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Don't Blame Obama for Economists' Ignorance; Trade-Surplus Countries May Never Balance Their Trade Voluntarily, the US Must Follow Nixon's 1971 Example.

The only way to avoid the collapse of the dollar is for the US to impose a gradually increasing general tariff to all products from export-surplus countries

DENVER, Nov. 18, 2010 /PRNewswire/ -- The Following is a statement by J. Moromisato, director of the Reformed Economics Institute at Denver.

5. The Denver Plan: The Solution to the Trade Deficit, and More.

The recent failure of President Obama's efforts to get some relief from the destructive US-trade deficits points to the limits of appeals to self-sacrifice. Trade surplus is in fact tremendously advantageous for any country that can achieve it consistently -- for example, it creates more jobs than the domestic economy can sustain.

Take China, for instance. Its trade surplus has allowed its economy to grow at an incredible rate, while accumulating several trillions dollars in foreign reserve. The Chinese government is now flush with enough money to not only equip its army and influence its neighbors, but also to send explorers to the Moon. Why would they give up all that? Just because Obama asked nicely?

And all that President Obama is asking the Chinese is to let their currency appreciate. Even if they agree to that -- a big "if" -- that would not guarantee a balance trade.

The other big trade-surplus countries, Germany and Japan, have the same internal pressure to provide jobs for their people; it would be political suicide for them to even agree to work on balancing their trade.

President Nixon found himself in a similar predicament in the early 70s -- the large accumulated trade deficit was then depleting the US gold reserve. France was building up its gold reserve and agitating to increase the price of gold. Nixon, against the advise of his trusted economic advisor, decided to "close the gold window," moving the entire world to a fiat money system -- unconvertible money. Japan and the major European countries, the big exporters at the time, agreed to a sizeable devaluation of the US dollar against their currencies.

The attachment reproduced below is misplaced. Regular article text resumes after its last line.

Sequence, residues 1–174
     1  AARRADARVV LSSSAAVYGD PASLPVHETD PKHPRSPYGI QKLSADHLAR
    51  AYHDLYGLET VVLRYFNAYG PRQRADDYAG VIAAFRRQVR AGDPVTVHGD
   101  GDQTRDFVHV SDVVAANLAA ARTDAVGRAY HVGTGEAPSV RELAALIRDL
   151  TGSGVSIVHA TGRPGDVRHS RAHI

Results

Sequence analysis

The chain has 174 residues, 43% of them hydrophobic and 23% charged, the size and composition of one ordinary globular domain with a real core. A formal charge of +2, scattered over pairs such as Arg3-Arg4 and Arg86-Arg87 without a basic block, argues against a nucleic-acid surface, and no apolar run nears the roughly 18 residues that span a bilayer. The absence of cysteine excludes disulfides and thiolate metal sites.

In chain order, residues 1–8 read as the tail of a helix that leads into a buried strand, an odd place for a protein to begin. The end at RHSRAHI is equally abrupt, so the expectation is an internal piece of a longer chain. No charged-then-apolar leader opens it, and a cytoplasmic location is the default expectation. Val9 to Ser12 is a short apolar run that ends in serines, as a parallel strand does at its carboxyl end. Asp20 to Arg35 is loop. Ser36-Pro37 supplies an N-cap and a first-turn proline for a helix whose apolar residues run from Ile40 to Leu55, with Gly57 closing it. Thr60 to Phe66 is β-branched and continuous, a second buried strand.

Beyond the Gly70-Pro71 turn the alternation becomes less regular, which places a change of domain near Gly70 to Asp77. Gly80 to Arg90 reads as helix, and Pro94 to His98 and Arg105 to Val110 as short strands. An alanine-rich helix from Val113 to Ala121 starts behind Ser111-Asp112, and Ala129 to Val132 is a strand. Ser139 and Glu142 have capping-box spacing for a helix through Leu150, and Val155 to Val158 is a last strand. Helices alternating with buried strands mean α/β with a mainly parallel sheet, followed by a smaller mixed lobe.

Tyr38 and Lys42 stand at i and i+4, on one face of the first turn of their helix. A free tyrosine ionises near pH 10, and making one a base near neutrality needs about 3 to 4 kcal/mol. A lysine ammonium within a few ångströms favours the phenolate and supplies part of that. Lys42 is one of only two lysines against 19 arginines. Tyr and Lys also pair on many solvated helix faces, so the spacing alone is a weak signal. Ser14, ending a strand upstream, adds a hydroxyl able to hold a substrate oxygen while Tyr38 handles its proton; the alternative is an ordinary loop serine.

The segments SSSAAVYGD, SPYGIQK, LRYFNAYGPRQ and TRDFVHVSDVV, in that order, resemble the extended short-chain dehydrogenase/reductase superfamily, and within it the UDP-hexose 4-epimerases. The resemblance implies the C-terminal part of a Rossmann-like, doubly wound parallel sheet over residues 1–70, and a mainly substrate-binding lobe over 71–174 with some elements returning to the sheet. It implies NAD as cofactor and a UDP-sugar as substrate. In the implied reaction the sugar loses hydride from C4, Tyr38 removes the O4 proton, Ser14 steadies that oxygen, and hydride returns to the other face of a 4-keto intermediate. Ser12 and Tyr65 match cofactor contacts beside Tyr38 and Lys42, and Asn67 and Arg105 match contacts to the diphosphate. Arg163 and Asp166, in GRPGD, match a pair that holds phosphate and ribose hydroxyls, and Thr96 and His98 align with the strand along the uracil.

After almost a decade of financial upheaval made worse by the emergence of OPEC, and the bout of inflation at the end of the Carter Administration, the entire world entered a period of unprecedented growth -- with the exception of many countries in Africa, and a few elsewhere. The fact that Nixon's unilateral decision was not directed to any country, or any product, in particular, made it more palatable to other countries.

Now, the only way the US can avoid the collapse of its currency is to impose a gradually increasing general tariff to all products from export-surplus countries.

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J. Moromisato is the founder-director of the Reformed Economic Institute, and author of The Origin of Wealth and Poverty (2007), The Coming Age of Freed Money (2010). And The Denver Plan to End Unemployment (Oct 2010).

Contact: J. Moromisato, (303) 321-0577

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SOURCE J. Moromisato
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Publication:PR Newswire
Date:Nov 18, 2010
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